About Rationally Speaking

Rationally Speaking is a blog maintained by Prof. Massimo Pigliucci, a philosopher at the City University of New York. The blog reflects the Enlightenment figure Marquis de Condorcet's idea of what a public intellectual (yes, we know, that's such a bad word) ought to be: someone who devotes himself to "the tracking down of prejudices in the hiding places where priests, the schools, the government, and all long-established institutions had gathered and protected them." You're welcome. Please notice that the contents of this blog can be reprinted under the standard Creative Commons license.

Monday, May 07, 2007

Yet another nail in the Intelligent Design coffin

The transition from swimming to walking, which happened around 385 million years ago and was one of the pivotal moments in animal evolution, has been somewhat of a mystery for evolutionary biologists, thereby offering the usual (and trite) opening to creationists, seemingly oblivious to the fact that their positions are based on nothing more than an argument from ignorance (often their own).

But as it is often the case in science, new research suddenly throws light on an old mystery. It is what happened recently with the publication of a paper by Auke Ijspeert and colleagues at the Swiss Federal Institute of Technology in Lausanne (Nature, 9 March 2007). The group has built a robotic model of a salamander to test a daring hypothesis about the neurological basis of the switch from swimming to walking that was a necessary part of the evolutionary transition from sea to land.

The researchers focused on a particular neural network, the central pattern generator, that causes rhythmic muscle movement along the body when activated. In lampreys and salamanders this triggers waves of body contractions, causing the animal to swim. The neat piece of the puzzle here is that lampreys (which don't walk on land) only have one such network, while amphibians (which can walk) have a second one in charge of limb movement.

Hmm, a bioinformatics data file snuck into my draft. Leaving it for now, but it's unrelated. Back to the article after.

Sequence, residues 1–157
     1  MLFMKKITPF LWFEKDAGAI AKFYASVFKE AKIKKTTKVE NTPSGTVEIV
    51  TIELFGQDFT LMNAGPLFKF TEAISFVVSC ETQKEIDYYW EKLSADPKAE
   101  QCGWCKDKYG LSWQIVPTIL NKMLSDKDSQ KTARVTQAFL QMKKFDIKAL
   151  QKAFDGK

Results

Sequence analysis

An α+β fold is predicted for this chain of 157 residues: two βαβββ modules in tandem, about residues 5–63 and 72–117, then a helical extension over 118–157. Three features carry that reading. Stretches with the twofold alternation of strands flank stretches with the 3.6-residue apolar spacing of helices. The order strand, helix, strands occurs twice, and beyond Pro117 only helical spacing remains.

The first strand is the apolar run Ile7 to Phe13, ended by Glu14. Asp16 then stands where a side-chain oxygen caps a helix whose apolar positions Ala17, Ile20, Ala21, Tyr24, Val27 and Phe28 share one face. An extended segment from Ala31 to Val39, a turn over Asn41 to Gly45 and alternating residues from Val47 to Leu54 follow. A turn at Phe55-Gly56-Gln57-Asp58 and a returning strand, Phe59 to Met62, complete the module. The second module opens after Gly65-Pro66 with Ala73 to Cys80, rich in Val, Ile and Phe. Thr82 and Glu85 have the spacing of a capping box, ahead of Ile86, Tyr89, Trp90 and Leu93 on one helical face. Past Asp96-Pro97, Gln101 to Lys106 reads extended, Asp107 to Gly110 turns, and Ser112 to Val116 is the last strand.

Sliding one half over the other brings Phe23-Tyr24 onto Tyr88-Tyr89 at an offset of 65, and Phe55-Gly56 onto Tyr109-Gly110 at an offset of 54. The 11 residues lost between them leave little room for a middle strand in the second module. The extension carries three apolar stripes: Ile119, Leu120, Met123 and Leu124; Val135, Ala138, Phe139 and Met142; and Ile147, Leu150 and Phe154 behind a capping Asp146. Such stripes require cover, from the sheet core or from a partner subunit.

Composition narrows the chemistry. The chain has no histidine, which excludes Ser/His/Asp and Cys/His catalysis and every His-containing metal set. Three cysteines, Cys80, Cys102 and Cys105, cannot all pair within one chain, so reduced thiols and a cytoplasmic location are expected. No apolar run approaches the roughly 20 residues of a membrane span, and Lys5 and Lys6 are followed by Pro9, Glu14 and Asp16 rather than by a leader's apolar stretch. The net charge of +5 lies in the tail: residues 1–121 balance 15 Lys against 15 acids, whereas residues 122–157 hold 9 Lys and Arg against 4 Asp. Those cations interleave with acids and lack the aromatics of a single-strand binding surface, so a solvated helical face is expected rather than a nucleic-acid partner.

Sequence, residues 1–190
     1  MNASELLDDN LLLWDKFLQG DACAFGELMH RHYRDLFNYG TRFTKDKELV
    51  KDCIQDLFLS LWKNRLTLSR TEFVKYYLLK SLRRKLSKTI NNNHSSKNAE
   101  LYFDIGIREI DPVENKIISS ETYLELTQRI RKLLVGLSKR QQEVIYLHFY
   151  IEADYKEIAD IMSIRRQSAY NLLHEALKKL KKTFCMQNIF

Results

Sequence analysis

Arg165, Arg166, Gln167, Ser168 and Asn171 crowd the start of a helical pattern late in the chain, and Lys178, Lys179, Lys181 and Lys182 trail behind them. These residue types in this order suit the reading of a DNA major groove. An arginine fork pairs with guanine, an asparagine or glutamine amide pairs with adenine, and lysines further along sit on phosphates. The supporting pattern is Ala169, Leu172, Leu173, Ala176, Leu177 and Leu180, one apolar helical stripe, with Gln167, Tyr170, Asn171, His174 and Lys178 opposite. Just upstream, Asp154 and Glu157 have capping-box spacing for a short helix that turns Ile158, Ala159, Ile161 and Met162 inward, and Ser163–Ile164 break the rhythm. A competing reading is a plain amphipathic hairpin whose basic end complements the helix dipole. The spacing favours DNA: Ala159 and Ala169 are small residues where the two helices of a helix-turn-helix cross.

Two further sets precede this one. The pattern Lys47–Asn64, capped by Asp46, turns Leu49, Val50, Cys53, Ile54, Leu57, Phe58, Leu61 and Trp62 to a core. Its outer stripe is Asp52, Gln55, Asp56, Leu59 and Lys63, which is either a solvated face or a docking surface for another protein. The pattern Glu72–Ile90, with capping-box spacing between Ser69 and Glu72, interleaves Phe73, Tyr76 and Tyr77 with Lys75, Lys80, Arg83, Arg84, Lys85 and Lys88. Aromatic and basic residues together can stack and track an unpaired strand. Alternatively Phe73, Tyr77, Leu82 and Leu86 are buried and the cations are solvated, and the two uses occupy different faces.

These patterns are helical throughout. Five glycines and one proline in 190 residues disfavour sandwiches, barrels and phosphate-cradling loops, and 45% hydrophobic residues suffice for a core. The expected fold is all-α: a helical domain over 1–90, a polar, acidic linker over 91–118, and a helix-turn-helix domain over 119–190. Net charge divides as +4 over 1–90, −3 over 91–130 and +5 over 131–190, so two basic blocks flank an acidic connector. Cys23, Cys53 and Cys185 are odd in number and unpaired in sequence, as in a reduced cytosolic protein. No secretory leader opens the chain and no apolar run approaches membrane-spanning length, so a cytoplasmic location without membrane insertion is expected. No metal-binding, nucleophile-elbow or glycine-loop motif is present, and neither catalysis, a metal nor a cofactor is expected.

In a previous study, Jean-Marie Cabelguen's group at the University of Bordeaux located the region of the midbrain of salamanders that triggers neuronal firing in both networks, and discovered that the intensity of the stimulation is a direct predictor of the animal's behavior: when the networks are firing at low intensity, the salamander walks; turn up the dial, and it walks faster; turn it even more and some of the nerve cells shut down, the walking stops, and the body begins undulating movements appropriate for swimming!

The group led by Ijspeert then developed a mathematical model of the process, and built a robot, aptly nicknamed Salamandra robotica (see photo), to test it. It worked beautifully, precisely mimicking the behavior of the real thing.

Of course, creationists will entirely miss the point, arguing for example that Salamandra was “intelligently designed” by human beings – thereby displaying a complete misunderstanding of the workings of science (all scientific experiments are “intelligently designed,” but that doesn't mean they can't tell us anything about nature). Alternatively, they will complain that other changes must have happened as well during the time of the transition from sea to land, for example the ability to withstand longer and longer periods away from water. Again, this misses two crucial aspects of evolutionary theory: it does not require that all changes have to happen simultaneously, while it does predict the existence of variation in the characteristics and behaviors of living organism, enough, for example, to insure that some proto-amphibians were better than others at dealing with the stress imposed by the novel environment.

Then again, as we all know, creationism and so-called intelligent design aren't really about reason and evidence. There is no scientific controversy about evolution in the scientific community, there is only people who don't understand science or who put their faith ahead of any possible fact. The funny thing about that, however, is that the same people then turn around and wish to use reason to back up their faith. Could it be that, deep down, they are actually insecure about their simplistic worldview?


  1. Hey, don't forget to italicize the name of the intelligently designed "new species" Salamandra robotica sp. nov.! :O)

  2. Very nice! My only comment is your (mis)use of the word 'animal'

    ...pivotal moments in animal evolution...